On December 13, 2016 President Obama signed into law the 21st Century Cures Act. The law had been approved with bipartisan support in the House by a vote of 392 to 26 and in the Senate by a vote of 94 to 5. The law addresses a number of health care issues such as streamlining the process for FDA approval of drugs and medical devices, addressing treatment for mental health, substance abuse and eating disorders, and providing funding for the National Institutes of Health.

The 21st Century Cures Act also includes amendments to the Affordable Care Act and Internal Revenue Code to permit stand-alone health reimbursement arrangements (HRAs) for small employers. Small employers who do not wish to offer their own health plan to employees can now provide employees a pre-tax subsidy of individual health insurance premiums by establishing a Qualified Small Employer Health Reimbursement Arrangement beginning on or after January 1, 2017.

Guidance interpreting the Affordable Care Act has taken the position that the ACA prohibits employers from adopting stand-alone HRAs for employee medical coverage because they are employer health plans that do not comply with the ACA requirements regarding annual and lifetime coverage limits. See http://benefitsnotes.com/2013/10/no-more-pre-tax-premiums-for-individual-insurance-policies/ Under this guidance, an employer HRA program is permitted only if it is integrated with another health plan sponsored by the employer that complies with these requirements, or if it meets another exception (such as covering only retirees or covering only excepted benefits such as dental and vision). Violating these requirements could subject an employer to an excise tax of $100 per day for each participant under Section 4980D of the Internal Revenue Code.

The 21st Century Cures Act excludes a Qualified Small Employer HRA from these requirements. A Qualified Small Employer HRA must meet a number of requirements. These are:

1. It can only be offered by small employers. To qualify, the employer must not be an “applicable large employer” which is defined in Section 4908H(c)(2) of the Internal Revenue Code as an employer who employed an average of at least 50 full-time employees on business days during the preceding calendar year.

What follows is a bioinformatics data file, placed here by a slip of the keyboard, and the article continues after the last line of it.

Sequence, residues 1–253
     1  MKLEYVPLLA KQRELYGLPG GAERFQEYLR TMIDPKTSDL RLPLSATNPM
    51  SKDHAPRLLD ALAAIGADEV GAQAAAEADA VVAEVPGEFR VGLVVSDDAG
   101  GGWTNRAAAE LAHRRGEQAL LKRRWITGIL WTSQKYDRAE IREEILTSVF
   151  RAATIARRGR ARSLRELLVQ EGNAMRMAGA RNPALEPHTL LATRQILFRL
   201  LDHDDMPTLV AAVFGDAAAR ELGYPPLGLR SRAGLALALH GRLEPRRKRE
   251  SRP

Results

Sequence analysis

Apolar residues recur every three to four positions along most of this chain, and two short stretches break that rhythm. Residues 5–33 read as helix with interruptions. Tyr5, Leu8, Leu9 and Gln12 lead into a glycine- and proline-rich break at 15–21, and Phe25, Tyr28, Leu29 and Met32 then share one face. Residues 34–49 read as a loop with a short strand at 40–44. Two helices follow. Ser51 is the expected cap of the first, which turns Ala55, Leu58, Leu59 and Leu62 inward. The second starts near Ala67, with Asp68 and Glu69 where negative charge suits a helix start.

2. It can only be offered by small employers who do not offer any group health plan to any employees.

3. The program must be provided on the same terms to all eligible employees. Differences are permitted based on the cost of an employee’s individual health insurance coverage which may vary based on factors such as age or the number of family members covered.

4. The program must be solely employer funded. No employee salary reduction contributions (including pre-tax cafeteria plan deductions) are permitted. The employee must pay for additional costs for the individual health insurance coverage outside the program.

5. The program must be limited to qualifying health expenses described in section 213(d) of the code for the employee and eligible family members.

6. The benefits available under the program cannot exceed $4,950 per year for single employees and $10,000 for family coverage. These limits are prorated for partial years of coverage and include cost of living adjustments after 2016.

7. The program is permitted to exclude from coverage:

a. Part-time and seasonal employees; b. New employees with less than 90 days of service; c. Employees younger than age 25; d. Union employees; and e. Non-resident aliens.

There are a number of reporting and disclosure requirements that apply to a Qualified Small Employer HRA. These include:

1. The employer must provide a notification to each eligible employee no later than 90 days prior to the beginning of each year (or for employees not eligible, the date they first become eligible). This notice must include:

a. A statement of the amount available from the HRA for the year. b. A statement hat the eligible employee must disclose that amount to any exchange from which they are receiving coverage. (Premium credits may be impacted by amounts provided by the HRA). c. A statement that an employee not covered by minimum essential coverage may be subject to tax.

2. The employer must include the HRA benefits in the W-2 reporting of heath benefits after December 31, 2016.

The new law also provides an exemption from COBRA for Qualified Small Employer HRAs. These programs will not be subject to the COBRA notice requirements or the extension of coverage after the employee’s coverage would end.

Employers wishing to provide more comprehensive health benefits for employees will continue to need to do so through a traditional employer-sponsored group health plan. However, for those small employers unable to provide this coverage, the 21st Century Cares Act provides a means to provide some financial support for employees’ health coverage on a pre-tax basis.

Small employers adopting a Qualified Small Employer HRA need to be sure to document their compliance with these requirements and the other requirements that apply generally to HRA programs. Employers should formally adopt plan documents addressing these requirements and not run the program informally through premium reimbursements made outside a formal plan or through incomplete descriptions of the program in employee handbooks or other employment policies.